In keeping with the traditions of this great organ – one of which is that any contributor can write upon any subject – I feel it incumbent upon me to begin today’s offering with the twin admissions that personally I am neither the Rust’s film correspondent, a title which rightly belongs to the venerable Neil Rosen, nor indeed myself much interested in films at all.
However, It so happens that as few days ago, quite by chance – just as we were preparing for yet another evening of “TV dinner plus telly” – the Memsahib and I were invited to join my stepdaughter and her partner on their expedition to the Vue cinema at Portsmouth’s Gunwharf Quays to see the Barbie movie and decided to accept.
For those who recently may have been away from their TVs and smartphones (and/or in a coma), earlier this week Barbie – which stands alongside Oppenheimer, Christopher Nolan’s biopic of the theoretical physicist J. Robert Oppenheimer, as 2023’s biggest blockbusters thus far – passed one of the movie industry’s most historic milestones by having already grossed over US$1 billion worldwide since its release on 21st July, thereby making its co-writer/director Greta Gerwig the first female (solo) director to achieve this feat.
As already mentioned I have never been an enthusiastic cinema-goer.
My antipathy began, many decades before the Covid pandemic came along, when I formed the view that such outings were heavily over-hyped and underwhelming experiences involving not least queuing, hugely-expensive refreshments and potentially hazardous exposure to barbarian-like hordes of the Great Unwashed British public.
My phobia on the last of these issues extends to any form of public transport. I recoil from the prospect of sharing enclosed public spaces with my fellow humans whose key instinctive actions appear to encompass openly coughing and sneezing in a manner deliberately designed to inconvenience and offend others, talking loudly (especially on phones), giving off unsavoury odours and spreading noxious bacteria upon everything they touch.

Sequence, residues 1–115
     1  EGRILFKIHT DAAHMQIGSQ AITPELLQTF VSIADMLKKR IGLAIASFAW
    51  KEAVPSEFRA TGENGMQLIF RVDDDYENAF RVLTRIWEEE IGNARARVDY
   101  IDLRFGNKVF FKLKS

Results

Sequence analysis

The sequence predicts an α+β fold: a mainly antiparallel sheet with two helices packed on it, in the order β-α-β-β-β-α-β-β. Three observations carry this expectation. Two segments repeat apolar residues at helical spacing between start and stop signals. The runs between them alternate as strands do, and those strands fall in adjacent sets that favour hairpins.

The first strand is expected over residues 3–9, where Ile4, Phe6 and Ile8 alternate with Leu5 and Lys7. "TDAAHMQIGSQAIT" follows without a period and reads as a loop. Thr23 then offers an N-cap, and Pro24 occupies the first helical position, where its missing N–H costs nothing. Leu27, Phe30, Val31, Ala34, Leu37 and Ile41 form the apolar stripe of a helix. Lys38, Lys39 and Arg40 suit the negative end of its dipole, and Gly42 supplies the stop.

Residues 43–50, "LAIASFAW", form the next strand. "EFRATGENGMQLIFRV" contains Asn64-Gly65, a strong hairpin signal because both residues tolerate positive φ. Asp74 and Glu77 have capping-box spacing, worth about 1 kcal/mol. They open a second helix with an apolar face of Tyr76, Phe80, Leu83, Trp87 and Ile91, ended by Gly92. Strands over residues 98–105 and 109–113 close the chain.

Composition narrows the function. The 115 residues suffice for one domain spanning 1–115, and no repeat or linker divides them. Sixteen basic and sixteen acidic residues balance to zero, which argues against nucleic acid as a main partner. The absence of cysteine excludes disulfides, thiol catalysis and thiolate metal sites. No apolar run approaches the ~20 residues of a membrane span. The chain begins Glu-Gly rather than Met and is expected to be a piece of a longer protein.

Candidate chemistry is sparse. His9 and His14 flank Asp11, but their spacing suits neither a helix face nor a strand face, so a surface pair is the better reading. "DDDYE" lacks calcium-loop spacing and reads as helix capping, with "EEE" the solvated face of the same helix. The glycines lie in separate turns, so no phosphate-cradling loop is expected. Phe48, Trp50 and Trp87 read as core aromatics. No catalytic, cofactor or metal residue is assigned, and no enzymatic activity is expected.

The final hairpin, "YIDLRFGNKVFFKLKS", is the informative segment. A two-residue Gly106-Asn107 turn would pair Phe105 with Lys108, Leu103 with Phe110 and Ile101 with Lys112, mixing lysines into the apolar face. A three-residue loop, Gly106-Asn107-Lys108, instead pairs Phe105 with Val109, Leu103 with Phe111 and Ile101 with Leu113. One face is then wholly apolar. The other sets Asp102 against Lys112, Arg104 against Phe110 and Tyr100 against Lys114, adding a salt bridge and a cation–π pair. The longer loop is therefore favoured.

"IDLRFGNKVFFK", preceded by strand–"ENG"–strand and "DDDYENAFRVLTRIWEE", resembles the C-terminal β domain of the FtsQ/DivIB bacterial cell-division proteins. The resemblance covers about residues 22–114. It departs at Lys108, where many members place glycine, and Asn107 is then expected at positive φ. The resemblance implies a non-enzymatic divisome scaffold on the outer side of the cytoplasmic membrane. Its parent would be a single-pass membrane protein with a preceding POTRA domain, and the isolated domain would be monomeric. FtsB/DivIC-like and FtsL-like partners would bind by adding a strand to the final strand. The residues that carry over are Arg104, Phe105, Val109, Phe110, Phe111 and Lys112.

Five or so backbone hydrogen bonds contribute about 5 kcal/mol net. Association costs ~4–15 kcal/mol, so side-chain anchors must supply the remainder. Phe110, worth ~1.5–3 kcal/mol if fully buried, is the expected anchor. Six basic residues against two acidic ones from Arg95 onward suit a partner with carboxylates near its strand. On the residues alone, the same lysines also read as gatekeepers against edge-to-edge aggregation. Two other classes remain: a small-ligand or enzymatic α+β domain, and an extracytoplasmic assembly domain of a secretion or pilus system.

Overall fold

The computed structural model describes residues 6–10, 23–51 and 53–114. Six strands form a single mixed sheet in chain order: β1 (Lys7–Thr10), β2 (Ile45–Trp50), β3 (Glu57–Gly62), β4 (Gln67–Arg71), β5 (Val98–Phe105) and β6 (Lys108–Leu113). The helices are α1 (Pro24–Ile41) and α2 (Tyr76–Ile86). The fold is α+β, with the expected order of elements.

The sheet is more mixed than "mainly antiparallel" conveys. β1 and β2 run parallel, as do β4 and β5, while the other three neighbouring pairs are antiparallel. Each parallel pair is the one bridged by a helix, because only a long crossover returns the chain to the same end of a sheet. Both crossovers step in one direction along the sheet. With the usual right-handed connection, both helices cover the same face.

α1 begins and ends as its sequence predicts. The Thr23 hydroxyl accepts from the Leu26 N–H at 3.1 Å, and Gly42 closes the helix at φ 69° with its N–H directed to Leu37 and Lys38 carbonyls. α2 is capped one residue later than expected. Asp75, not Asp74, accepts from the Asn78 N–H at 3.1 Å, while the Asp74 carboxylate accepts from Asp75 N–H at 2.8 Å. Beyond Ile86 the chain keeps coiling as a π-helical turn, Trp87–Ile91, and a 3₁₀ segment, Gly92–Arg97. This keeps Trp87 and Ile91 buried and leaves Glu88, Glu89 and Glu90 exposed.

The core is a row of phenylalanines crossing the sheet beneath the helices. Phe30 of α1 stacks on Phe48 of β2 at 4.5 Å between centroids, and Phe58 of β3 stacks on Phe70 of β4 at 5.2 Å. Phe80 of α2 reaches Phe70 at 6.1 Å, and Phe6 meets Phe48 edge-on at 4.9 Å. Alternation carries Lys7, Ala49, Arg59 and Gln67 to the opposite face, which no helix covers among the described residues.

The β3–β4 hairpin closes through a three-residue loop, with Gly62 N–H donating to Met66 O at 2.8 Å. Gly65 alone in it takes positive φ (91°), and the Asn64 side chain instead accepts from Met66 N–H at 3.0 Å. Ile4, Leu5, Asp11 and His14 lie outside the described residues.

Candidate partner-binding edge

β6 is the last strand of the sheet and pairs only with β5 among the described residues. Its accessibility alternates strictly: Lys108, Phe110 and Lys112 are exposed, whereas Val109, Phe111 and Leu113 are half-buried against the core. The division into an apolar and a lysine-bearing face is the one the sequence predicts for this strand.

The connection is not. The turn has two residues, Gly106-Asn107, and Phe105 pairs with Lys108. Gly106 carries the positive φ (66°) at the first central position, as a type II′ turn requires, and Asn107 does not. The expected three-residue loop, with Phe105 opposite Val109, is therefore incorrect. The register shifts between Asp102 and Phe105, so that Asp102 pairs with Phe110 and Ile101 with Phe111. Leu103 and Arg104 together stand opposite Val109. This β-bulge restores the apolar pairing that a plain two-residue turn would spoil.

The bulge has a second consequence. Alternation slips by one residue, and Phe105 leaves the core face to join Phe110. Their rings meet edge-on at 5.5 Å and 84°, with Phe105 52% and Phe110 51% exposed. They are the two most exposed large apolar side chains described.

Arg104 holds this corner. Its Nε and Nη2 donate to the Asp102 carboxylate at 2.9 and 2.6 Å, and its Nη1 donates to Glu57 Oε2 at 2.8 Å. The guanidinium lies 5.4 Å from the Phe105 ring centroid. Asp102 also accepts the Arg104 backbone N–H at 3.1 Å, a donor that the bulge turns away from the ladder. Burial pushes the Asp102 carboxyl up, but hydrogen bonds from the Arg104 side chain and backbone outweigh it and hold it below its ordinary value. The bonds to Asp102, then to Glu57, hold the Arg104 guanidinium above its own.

It is also one of my life burdens that I tend to believe every scare-story peddled in the media without question or quibble.
It was only about a year ago that I read on the website of Daily Mail that well-regarded scientific researchers were warning against anyone making use of the “blow-dry” machines now provided in public toilets as a supposedly far more sanitary way of drying one’s hands than paper towels or similar. Their common line was that all that public toilet “blow-dryers” do is circulate every form of bacteria present – including those containing faeces, urine, snot and indeed every form of human-carried germ imaginable – speedily and powerfully into the air and thence into the lungs of everyone who visits. Since then, after visiting public toilets, I have always walked back outside without drying my hands at all.
As it happens, like the time-honoured proverbial curate’s egg, Barbie the movie was “good in parts”.
First the in-house experience. Compared to my previous cinema visits of yesteryear, it was as if the interior of a Hillman Minx saloon car from the 1950s had been replaced by that of the latest movie edition of the Starship Enterprise.
The cinema auditorium was vast and well-spaced out. Our seats were just two rows back and bang-on centre in front of a screen about the size of Wembley Stadium.
And what seats they were! Though I have never flown First Class, I’ve walked through said area several times on a Boeing 747 and these were comparable with that aircraft’s.